PHONE: yes i got a phone. i went to orange and you get the cheapest one and there is a plan where you just put money on as you go. it gets you like 100 texts a month and like 50 min. or something. i had a international plan on my regular iphone so i could call my parents on that only. but for communicating over there i used the orange phone
 
Me: Are you happy you went?
 
Meaghan : it was hands down one of the best decision i have made, and it was a life changing experience. i have made friends that mean so much to me and i can’t wait to go back. it is weird at first having to adjust but once you do you will fall right into it. you will learn so much about yourself and meet so many cool people!

Ask Away: Q&A!

Blogged by: Mollie Attenson  
 
Recently, I have been asked some questions about why I am going abroad and over the next few weeks I will be posting and responding to them. Hopefully these questions and answers will help those of you who choose to go through this process at some point. I’m going to title it Q&A and if you have any additional questions feel free to ask!
 
Q:  How/Why you decided to study abroad after having already moved here from the Midwest?
 
A: I have traveled all over the USA, some parts of Canada, Mexico, and the US Virgin Islands, but never to Europe. FIT gives its students the opportunity to study abroad, so I thought I would take advantage of it. Being an FMM student I am constantly having conversations about fashions all over the world and I see what a large role European countries play on trends, styles, and textiles. The opportunity to see an explore Europe is something I could not turn down. I want to see firsthand and be involved in the fashion world there. I want to see more of the world and grow as a person. Moving from Michigan to New York City was a big move, but I had been preparing for it since I was a young girl when I learned about the fashion industry. The plane ride to visit home is at most 2 hours long and I am still in the same time zone as my family and friends back home.  I would travel to New York in the summers to attend summer programs. Going to study abroad is the next logical step for me to take. I am very family oriented, and extremely close with all my friends so it will be hard to leave them for 6 months. This opportunity only comes knocking once, why not take it?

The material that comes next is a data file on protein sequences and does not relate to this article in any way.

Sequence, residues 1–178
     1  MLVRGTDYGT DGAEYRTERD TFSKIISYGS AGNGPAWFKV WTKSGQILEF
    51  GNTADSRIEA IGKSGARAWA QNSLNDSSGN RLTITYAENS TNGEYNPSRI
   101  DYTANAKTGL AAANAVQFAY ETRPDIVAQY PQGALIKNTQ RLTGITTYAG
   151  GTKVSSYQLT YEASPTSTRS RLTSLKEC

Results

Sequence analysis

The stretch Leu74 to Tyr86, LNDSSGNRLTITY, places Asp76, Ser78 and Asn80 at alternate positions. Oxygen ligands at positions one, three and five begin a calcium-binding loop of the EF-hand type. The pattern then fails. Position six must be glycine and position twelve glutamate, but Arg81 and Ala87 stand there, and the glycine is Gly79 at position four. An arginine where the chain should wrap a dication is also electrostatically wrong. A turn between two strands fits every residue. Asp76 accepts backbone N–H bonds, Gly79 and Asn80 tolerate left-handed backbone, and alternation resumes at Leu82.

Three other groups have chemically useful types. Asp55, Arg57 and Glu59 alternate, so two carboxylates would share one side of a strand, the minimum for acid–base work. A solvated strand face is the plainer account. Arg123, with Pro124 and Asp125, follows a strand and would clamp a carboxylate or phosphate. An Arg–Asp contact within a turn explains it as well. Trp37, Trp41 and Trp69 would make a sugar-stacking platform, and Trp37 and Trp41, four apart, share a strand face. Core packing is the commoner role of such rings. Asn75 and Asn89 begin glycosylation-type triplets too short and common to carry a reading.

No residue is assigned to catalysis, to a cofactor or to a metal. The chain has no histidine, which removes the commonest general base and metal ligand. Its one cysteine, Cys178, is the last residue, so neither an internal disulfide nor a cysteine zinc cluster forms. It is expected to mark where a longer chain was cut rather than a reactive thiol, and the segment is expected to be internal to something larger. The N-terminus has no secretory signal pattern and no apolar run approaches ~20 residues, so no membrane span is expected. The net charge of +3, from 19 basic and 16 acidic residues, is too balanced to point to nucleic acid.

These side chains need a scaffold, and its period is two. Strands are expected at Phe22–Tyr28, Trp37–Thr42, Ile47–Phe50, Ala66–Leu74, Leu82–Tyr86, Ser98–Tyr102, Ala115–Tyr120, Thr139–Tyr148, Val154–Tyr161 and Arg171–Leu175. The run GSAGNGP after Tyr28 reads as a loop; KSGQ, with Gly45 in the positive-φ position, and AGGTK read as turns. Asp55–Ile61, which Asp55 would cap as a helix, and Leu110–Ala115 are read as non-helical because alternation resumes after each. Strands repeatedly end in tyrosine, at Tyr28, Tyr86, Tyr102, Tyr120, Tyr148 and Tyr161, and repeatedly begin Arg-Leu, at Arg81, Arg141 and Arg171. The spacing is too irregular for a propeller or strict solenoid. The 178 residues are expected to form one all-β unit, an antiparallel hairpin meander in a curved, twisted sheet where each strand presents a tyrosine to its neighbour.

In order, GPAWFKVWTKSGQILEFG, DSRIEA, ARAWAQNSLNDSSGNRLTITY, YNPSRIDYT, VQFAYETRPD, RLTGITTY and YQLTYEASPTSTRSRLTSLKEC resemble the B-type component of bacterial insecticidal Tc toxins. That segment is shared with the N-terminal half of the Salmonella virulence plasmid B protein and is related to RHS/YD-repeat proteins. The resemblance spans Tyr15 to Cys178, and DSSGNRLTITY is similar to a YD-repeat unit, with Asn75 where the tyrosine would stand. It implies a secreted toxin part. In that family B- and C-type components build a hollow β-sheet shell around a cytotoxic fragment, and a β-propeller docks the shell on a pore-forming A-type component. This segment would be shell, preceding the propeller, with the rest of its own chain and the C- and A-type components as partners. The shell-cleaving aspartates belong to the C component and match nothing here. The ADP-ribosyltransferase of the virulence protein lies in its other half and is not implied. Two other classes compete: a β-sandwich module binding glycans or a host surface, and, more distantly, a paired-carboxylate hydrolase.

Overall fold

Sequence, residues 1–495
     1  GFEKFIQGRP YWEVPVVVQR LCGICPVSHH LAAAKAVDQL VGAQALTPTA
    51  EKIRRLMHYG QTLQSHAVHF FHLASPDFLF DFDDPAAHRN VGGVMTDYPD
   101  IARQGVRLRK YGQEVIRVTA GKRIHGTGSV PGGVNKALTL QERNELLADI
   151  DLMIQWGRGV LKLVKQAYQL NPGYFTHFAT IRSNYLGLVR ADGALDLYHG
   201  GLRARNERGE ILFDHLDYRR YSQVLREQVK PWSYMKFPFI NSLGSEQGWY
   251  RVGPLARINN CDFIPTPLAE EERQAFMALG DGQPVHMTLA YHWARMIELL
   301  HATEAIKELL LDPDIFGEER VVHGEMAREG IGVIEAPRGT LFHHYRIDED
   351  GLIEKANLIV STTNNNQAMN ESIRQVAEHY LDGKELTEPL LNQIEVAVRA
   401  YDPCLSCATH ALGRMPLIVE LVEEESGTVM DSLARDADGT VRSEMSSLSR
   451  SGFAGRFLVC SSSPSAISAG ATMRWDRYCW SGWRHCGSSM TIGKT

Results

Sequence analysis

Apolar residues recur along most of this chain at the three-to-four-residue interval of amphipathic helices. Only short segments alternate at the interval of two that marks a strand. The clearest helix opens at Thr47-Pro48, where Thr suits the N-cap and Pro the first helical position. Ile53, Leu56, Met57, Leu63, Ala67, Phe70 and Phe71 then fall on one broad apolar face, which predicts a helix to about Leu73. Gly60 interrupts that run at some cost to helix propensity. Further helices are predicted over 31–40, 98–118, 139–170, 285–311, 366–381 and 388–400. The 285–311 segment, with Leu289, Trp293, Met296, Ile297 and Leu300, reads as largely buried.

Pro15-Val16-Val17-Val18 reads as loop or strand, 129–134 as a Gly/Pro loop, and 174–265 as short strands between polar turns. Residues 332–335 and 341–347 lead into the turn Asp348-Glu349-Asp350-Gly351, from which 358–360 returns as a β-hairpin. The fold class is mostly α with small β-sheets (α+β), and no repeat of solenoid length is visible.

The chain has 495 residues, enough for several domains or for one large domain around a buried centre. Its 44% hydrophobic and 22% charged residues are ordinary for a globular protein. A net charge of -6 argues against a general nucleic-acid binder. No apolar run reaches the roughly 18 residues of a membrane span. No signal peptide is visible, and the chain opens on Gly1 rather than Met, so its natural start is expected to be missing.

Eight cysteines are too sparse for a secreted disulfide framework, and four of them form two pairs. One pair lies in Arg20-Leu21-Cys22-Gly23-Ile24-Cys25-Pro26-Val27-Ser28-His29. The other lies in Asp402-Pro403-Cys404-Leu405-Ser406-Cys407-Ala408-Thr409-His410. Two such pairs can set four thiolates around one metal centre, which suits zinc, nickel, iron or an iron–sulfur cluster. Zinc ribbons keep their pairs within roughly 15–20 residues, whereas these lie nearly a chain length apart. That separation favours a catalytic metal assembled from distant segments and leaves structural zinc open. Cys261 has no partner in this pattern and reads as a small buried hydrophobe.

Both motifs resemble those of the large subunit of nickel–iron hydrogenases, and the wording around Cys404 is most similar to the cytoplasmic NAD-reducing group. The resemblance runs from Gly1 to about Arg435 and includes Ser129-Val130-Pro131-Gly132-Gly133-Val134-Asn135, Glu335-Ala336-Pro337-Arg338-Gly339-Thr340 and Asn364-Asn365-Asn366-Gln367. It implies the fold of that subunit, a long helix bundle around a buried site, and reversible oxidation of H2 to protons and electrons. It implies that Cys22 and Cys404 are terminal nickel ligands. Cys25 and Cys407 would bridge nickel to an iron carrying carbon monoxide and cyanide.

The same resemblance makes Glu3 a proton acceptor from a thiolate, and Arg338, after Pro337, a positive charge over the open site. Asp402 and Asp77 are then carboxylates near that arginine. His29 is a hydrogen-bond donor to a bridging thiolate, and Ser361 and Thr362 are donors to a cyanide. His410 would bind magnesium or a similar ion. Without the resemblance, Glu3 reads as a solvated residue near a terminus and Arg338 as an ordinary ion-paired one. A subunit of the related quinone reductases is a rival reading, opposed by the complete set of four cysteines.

Accepted! Countdown to Studying in the UK.

Blogged by: Mollie Attenson

Accepted! I cannot believe days ago I was accepted to study at the University of Westminster. Soon I will venture off once again and travel from New York City to London. Officially I have 76 days until my departure! This is going to be my first time in Europe. I am so excited to start my 6 month adventure. There seems to be so much to do before I takeoff on my journey, including the making of several lists (to do, to pack, to see, etc….) To all my family, friends, and supporters: THANK YOU! Without you guys this trip would not be possible. I am so appreciative of what you do for me. Check here for updates on my life changing journey!

XO-
MGA